Now back where I came from, nobody in their right mind ever got that close to a mad Georgia hog, much less one that was not only mad but wild and had teeth about a foot long. As a matter of fact, the only way I had ever killed a wild hog was sitting on a platform in a very high tree with a 30-30 rifle. Here I was on a horse, about to be practically face-to-face with a wild animal that had a contrary mind about being lanced. Still, I went trotting away on my first and, I assure you, my last wild boar hunt. As luck would have it, one of the crazy beasts ran into my spear, which surprised me more than it did the boar.
Anyway, when the hunt was over, and everybody was congratulating me, I was presented with a certificate that was good for one pound sterling. You see, in Iraq at that time there were jillions of wild hogs roaming around the country and rooting up all the crops. They were a national menace, and, since Muslims don't eat pork, they had no natural enemies. All they had to worry about was the occasional hunting party, which meant that the hog population was on a steady increase.
In view of this, the government had devised a clever plan: it would give one pound sterling, which was worth about $3, for every hog that was killed. At that moment, in my mind, a new business was founded. I cornered the prime minister's son and asked him if he thought his daddy would give me the exclusive commercial rights to rid his nation of the wild hogs. He thought I was nuts until I told him my idea: I explained that we could organize a company, buy or rent about a dozen jeeps, put guns on them, and go hog hunting. It wasn't just the $3 that interested me, but the thought that here was a supply of hog meat that was not only free, but somebody would pay us for it. I reckoned that we could put up a processing plant to can 100% pork meat, and sell the world's cheapest dog food to U.S. supermarkets. How could we miss? Our raw material was free, our supply inexhaustible, and, with our exclusive arrangement, there would be no competition.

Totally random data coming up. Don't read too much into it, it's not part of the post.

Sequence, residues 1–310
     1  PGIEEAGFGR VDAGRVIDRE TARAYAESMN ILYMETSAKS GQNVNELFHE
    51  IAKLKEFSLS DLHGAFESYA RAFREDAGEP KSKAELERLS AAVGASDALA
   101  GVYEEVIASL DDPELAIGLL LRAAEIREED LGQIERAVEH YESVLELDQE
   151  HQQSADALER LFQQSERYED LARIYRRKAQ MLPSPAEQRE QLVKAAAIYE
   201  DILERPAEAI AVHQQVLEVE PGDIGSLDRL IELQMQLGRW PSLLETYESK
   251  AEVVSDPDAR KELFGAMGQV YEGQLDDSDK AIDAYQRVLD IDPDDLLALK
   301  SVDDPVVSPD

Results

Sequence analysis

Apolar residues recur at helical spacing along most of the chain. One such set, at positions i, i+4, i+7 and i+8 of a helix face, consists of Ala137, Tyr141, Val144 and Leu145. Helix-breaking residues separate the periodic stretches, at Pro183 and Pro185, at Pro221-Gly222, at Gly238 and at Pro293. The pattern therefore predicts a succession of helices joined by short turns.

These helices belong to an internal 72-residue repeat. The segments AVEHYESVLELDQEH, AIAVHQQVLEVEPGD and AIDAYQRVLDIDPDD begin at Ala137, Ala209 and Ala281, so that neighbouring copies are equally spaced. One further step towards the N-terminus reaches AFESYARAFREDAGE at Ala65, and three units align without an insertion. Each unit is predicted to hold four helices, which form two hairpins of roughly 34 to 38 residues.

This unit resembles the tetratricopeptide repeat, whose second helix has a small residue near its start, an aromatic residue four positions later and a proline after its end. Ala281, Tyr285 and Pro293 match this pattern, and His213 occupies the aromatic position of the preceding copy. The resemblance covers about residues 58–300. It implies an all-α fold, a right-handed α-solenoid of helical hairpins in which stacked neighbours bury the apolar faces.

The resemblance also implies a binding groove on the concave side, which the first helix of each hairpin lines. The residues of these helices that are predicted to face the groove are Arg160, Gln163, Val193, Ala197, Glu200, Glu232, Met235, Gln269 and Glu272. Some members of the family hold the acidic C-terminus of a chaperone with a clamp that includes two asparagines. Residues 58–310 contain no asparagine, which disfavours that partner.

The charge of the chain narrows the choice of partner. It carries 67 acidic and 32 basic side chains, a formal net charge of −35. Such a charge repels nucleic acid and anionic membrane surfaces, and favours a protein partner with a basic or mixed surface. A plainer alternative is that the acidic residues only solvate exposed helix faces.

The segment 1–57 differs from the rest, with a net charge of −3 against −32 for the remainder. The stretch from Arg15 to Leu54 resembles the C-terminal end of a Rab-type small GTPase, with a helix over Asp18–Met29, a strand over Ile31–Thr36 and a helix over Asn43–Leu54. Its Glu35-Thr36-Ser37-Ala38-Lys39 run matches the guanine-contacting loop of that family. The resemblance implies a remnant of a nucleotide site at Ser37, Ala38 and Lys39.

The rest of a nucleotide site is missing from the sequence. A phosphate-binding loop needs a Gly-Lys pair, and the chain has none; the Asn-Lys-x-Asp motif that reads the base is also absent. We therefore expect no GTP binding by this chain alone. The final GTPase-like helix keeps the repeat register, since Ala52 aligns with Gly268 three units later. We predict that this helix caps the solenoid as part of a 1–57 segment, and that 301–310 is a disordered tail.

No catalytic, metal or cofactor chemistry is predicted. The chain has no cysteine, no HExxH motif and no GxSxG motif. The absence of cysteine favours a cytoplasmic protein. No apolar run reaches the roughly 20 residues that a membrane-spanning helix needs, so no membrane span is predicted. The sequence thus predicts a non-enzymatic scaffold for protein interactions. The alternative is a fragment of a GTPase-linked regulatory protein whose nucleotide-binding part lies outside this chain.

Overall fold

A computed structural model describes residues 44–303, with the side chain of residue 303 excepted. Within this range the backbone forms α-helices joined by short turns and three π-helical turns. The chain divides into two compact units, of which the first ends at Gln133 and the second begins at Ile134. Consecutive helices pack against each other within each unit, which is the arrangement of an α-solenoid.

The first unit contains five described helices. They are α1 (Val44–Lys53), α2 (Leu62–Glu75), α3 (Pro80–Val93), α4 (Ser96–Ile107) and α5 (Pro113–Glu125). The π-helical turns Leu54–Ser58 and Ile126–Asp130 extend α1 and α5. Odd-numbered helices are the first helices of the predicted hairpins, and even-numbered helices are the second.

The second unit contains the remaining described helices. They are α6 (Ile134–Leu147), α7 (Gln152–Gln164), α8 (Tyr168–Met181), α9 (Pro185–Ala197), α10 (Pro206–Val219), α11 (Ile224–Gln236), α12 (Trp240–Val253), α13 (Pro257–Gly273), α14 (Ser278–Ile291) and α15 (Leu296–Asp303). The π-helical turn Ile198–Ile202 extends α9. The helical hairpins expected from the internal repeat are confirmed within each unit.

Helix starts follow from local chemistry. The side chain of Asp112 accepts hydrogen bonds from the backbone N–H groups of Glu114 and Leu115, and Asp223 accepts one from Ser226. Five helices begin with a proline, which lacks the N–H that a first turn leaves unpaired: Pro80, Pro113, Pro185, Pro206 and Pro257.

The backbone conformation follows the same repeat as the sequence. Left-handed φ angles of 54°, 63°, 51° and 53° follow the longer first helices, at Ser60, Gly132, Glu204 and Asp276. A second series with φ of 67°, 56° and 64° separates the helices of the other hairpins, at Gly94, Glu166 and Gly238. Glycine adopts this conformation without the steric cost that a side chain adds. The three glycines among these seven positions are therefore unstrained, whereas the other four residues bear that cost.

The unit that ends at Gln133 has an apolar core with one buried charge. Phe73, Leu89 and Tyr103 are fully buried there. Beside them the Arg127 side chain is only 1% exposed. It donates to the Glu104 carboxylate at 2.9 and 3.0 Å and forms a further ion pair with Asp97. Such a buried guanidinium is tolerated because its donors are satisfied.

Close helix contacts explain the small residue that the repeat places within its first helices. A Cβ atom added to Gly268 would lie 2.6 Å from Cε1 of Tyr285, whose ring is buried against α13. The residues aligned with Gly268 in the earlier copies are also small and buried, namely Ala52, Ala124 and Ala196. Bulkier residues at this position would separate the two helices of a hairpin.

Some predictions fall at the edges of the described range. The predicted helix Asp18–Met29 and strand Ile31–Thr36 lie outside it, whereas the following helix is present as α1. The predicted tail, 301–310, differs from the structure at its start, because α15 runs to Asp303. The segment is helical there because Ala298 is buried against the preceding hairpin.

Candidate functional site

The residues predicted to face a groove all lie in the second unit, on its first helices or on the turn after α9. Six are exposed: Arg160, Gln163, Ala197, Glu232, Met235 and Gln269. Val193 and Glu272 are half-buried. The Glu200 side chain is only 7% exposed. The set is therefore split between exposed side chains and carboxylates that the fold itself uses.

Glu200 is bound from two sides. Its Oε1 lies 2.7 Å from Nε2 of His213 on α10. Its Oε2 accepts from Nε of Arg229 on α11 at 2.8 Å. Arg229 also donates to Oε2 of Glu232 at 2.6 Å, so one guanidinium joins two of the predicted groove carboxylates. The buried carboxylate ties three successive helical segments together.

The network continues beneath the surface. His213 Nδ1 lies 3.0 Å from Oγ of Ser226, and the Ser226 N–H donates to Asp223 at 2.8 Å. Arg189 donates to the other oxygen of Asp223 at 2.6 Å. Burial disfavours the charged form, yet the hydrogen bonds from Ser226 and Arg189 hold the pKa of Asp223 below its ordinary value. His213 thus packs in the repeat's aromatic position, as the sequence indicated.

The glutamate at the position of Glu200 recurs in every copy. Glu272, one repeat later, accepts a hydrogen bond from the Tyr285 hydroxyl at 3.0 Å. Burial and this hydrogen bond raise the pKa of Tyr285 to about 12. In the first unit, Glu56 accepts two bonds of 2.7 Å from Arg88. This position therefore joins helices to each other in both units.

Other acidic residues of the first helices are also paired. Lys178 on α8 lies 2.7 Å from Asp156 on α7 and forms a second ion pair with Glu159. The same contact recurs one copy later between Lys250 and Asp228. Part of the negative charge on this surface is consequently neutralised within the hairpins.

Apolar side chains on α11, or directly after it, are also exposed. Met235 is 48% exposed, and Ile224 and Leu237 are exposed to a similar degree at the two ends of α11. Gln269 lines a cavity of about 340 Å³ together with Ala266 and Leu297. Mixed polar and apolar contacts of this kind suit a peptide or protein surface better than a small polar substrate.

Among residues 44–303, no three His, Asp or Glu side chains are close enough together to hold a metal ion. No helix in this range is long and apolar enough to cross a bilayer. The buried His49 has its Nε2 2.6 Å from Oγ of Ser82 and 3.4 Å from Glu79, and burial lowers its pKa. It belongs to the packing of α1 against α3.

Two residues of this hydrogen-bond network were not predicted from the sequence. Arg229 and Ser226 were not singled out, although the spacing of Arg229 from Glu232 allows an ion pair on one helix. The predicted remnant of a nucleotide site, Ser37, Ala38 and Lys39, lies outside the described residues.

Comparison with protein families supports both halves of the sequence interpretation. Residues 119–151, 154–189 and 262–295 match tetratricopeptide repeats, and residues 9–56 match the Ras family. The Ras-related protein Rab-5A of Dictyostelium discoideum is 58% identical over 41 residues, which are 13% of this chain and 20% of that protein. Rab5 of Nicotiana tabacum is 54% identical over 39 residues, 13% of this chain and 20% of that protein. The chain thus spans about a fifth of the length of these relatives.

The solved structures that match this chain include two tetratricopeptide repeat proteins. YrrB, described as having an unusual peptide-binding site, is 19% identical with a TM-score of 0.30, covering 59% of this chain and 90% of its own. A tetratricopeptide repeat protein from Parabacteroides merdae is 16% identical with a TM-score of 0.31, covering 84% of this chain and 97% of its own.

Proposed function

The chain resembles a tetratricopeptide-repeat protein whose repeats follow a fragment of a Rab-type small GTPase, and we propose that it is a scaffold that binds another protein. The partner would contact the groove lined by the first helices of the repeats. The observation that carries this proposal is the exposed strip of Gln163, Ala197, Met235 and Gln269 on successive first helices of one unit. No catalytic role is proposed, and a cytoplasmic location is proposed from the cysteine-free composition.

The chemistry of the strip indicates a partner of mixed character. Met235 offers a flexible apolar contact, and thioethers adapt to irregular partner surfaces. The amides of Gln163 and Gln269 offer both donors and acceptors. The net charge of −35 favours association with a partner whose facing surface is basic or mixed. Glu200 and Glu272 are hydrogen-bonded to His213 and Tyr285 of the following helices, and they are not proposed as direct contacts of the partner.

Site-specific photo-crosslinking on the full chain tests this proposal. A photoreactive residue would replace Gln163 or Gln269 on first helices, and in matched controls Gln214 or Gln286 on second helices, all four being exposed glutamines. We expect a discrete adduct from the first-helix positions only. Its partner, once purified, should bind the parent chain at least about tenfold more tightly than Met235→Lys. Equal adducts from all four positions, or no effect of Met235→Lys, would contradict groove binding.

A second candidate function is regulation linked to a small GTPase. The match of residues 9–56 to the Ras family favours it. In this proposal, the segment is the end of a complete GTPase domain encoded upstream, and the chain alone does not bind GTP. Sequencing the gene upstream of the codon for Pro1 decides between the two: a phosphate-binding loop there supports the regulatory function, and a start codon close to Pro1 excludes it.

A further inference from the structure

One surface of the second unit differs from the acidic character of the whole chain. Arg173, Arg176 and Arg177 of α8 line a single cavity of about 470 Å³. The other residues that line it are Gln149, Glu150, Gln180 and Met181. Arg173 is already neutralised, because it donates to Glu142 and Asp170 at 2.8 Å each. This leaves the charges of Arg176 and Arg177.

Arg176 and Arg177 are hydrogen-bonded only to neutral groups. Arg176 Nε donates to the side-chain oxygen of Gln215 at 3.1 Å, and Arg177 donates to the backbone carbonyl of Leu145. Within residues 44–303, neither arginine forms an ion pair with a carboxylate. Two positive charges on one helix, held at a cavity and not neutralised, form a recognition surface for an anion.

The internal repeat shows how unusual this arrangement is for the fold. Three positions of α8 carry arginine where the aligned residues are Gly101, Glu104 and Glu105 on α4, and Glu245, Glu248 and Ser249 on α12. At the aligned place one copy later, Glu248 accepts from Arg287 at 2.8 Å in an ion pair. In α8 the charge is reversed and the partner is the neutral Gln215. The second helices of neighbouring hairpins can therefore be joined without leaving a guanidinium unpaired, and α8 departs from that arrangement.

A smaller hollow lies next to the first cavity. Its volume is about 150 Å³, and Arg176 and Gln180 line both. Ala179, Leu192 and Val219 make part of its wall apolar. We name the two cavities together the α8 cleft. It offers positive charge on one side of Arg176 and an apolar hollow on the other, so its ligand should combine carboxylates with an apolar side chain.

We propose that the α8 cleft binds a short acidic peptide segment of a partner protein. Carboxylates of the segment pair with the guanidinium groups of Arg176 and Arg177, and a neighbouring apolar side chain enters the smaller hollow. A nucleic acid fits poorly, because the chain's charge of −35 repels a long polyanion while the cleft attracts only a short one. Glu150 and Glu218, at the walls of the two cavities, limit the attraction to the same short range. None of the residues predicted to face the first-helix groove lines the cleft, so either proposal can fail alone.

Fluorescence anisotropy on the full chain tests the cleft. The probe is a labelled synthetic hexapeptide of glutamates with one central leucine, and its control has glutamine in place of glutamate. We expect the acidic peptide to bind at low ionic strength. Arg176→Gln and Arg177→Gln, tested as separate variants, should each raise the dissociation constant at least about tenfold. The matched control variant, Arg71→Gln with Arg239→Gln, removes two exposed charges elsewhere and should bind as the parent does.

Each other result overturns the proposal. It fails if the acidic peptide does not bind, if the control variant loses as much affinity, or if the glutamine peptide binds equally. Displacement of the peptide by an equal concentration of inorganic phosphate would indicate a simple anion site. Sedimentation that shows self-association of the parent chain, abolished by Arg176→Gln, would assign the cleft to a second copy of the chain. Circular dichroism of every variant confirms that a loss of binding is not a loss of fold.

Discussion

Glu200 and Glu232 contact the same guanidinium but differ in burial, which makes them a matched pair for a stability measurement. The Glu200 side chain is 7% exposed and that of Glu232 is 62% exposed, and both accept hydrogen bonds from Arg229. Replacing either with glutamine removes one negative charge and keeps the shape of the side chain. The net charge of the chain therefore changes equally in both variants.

Not only did the prime minister's son agree, but by the time he had stopped laughing and telling the story, all his friends wanted to invest in the new company. I was about to become "king of the dog food business." We would all get rich selling Harrell's 100% Pork Dog Food. Now I'd like to end the story there, because the real ending will break your heart.
Armed with the exclusive franchise to establish a wild-hog processing operation in Iraq, and also armed with a lot of Iraqi money, I grabbed a plane to the United States in search of equipment, which was readily available. I met with food brokers and supermarket buyers. Everybody was excited about the potential. Why not? My price was about half the going price for the stuff they were calling dog food. I was on a roll, every day was more exciting than the day before, and then -- suddenly -- disaster. Out of the blue, the fortune was plucked right out of my hands. A coup overthrew the Iraqi government and overthrew all my investors at the same time.
I can but presume that wild hogs are still rooting up all the crops in Iraq, and I suppose that some rich young men still are riding their trusty steeds on wild boar hunts -- killing hogs for which I hold the exclusive franchise. In the meantime, there isn't any 100% pork dog food on the market, and I am not king of anything.
It's a funny story now, but I certainly wasn't smiling at the time. Like the young man who called me, I sank into a depression. The difference was that it wasn't the first such disappointment for me, and I well knew the cure. So, two weeks later I was on another plane to another place -- this time to Dhahran, Saudi Arabia. When I landed, my first question was "Who is the local distributor for Coca-Cola?" And so, again, a new poker hand.